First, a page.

If any intermiadate files have been used for the production of the Files (such as Adobe In Design files), they can be uploaded under the ‘Source Files’ section
Before you can complete the task, Janeway will warn you of any potential problems it detects with your files, such as potential missing images on the XML/HTML files or Typeset Files that have not yet been corrected.
Once you are done with the typesetting or correction task, you can leave a note for the editor and complete it for the editor to review.
Right-to-Left Text Direction¶
Arabic and many other languages are written right to left, requiring special markup in an XHTML environment that operates left-to-right by default.
Here is an example in JATS XML of an isolated bit of Arabic text in a document that is otherwise left-to-right:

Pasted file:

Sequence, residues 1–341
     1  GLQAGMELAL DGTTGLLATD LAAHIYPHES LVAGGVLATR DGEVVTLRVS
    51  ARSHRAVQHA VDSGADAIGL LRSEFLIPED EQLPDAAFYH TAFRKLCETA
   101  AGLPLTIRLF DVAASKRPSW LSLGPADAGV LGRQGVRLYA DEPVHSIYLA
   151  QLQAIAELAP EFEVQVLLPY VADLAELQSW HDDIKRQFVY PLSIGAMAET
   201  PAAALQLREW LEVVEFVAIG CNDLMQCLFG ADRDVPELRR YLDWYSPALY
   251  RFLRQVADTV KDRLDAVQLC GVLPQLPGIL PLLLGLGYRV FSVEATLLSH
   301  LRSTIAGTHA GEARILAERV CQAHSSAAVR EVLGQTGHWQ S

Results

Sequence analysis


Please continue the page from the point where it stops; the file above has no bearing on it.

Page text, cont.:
Make sure you use a text editor that shows zero-width unicode characters, like U-2067. The above screenshot is an XML file opened in VS Code.
Here is the rendered output:
Notice the following about the code sample:
- On each line, begin with the RLI unicode character (U+2067) at the beginning of the line to explicitly trigger right-to-left rendering for the remainder of the line, including symbols like periods that the browser would otherwise render left-to-right. This is roughly equivalent to the HTML attribute dir=”rtl”. If working with periods or other punctuation, note that they may appear on the right in your code editor, but render on the left in the browser.
- Wrap each line in the styled-content JATS element and apply a style attribute specifying CSS for right text alignment and block display.
- When working with long lines of text, make sure not to introduce arbitrary line breaks.
In some cases you might need to center-align text:
<p>Then came the apotheosis of modernism:</p> <disp-quote> <styled-content style="text-align: center; display: block;"> Leaves are falling </styled-content> </disp-quote>
The output is: